The percentage of American households that reported owning guns dropped more than 40 percent between 1977 and 2010, according to surveys by the University of Chicago's National Opinion Research Center. Among its efforts to reverse that trend, the firearms industry is working hard to convince children to embrace gun culture. Here's how.
The gun industry recognizes that kids are key to its long-term profitability.
In 2008, the National Shooting Sports Foundation, the gun industry's major trade group, launched an initiative called TaskForce 20/20, designed to increase the numbers of hunters and target shooters by 20 percent in five years. Recruiting and retaining young shooters were notable parts of the plan.
Action Item #22 in the task force report recommended that gun manufacturers and gun range owners "promote youth programs, which are important in that they start participation at a young age."
Children are encouraged to associate firearms with fun.
The National Rifle Association closed out its annual conference in May with a "Youth Day" event, promising "excitement with spectacular displays" of weaponry for the youngest attendees. Participants were also given free 6-month NRA memberships and a chance to shoot Airsoft guns -- realistic-looking air rifles that shoot plastic pellets -- at a number of exhibits.
At the conference, 3-year-old Elaih Wagan and her family were invited on stage so that NRA Executive Vice President Wayne LaPierre could honor her new lifetime NRA membership -- a $1,000 birthday gift from her grandfather that made Wagan the group's youngest member.
Kids have their own gun magazines.
In 2008, the NRA also started a digital magazine called InSights, designed to communicate directly to kids. “We are extremely proud and excited to present this site to America's youth,” the NRA's executive director of publications, Joe Graham, said at the time. "Compared to other outdoor websites that are geared toward younger audiences, NRAInSights.org stands out as the most comprehensive and entertaining."
The year before, the U.S. Practical Shooting Association debuted Junior Shooters, an industry-backed magazine aimed at youth "primarily from the age of eight to 21." The magazine features stories about younger members of the hunting and sport shooting communities, along with a heavy dose of advertising from various gun groups and companies.
Gun ads sometimes end up looking more like toy ads.
It's not just the NRA and trade groups that are reaching out to kids. Gun makers are also targeting them, with ads that look like toy commercials. This one is for a Crickett gun, a child-sized .22-caliber rifle.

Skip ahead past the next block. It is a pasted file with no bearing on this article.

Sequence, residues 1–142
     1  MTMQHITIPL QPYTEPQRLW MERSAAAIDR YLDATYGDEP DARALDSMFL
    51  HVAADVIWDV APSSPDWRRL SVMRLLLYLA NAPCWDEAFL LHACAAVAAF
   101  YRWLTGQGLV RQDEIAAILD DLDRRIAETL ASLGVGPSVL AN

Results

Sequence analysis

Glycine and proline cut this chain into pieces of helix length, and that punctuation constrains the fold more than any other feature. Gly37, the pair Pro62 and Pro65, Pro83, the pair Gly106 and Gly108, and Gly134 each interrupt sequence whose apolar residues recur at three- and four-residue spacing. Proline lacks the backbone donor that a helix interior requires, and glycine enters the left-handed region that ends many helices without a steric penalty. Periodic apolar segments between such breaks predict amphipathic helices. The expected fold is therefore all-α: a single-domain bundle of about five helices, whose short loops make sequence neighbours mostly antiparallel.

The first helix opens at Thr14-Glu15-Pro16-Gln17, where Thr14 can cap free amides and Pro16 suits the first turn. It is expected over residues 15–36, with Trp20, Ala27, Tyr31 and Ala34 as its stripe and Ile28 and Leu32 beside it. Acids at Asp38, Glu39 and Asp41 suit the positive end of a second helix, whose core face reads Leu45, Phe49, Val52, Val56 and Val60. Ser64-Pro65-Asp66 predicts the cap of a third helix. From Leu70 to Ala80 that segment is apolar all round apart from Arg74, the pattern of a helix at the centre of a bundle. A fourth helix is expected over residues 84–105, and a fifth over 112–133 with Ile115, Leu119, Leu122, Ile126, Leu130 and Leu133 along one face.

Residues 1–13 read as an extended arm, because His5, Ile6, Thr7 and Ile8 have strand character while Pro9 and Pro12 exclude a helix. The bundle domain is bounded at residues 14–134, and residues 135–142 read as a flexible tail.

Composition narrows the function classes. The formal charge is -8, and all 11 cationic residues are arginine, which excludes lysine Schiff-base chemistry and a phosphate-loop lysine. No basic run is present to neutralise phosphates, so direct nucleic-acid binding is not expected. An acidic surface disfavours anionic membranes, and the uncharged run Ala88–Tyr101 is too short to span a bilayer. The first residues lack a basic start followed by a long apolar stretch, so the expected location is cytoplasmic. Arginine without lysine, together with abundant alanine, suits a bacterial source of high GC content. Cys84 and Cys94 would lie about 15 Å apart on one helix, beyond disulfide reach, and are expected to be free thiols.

Another company, Savage Arms, makes the Rascal, which comes in colors to suit every preference:
And an ad in Junior Shooters magazine touts a handgun that will "make dad jealous."
But accidents happen, too.
Tragedy came to Burkesville, Ky., earlier this year when a 5-year-old picked up the .22-caliber rifle that had been given to him as a gift and accidentally shot and killed his 2-year-old sister. His parents reportedly weren't aware that the boy's Crickett rifle, which was stored within his reach, was still loaded.
Although incidents involving children make up only a small percentage of all accidental shootings -- which accounted for 851 deaths in 2011, according to a Centers for Disease Control and Prevention report -- they're in the news with some frequency. During one week in April, two 4-year-old children were involved in fatal shootings, one killing a 47-year-old and the other killing a 6-year-old. According to a recent count by Mother Jones, children under 17 have been responsible just this year for 29 accidental shooting deaths of children 12 and under.
Nonfatal shootings involving children are more common. NPR reported earlier this month that more than 3,000 children are treated for accidental gun shots in emergency rooms each year.
In some cases, children have been familiar with the weapons used in the shootings. Other times they've gained access to weapons that belong to others. A Harvard study found that more than 40 percent of gun-owning households with children store their guns unlocked and that 22 percent of children with gun-owning parents have handled firearms in their homes without their parents' knowledge.
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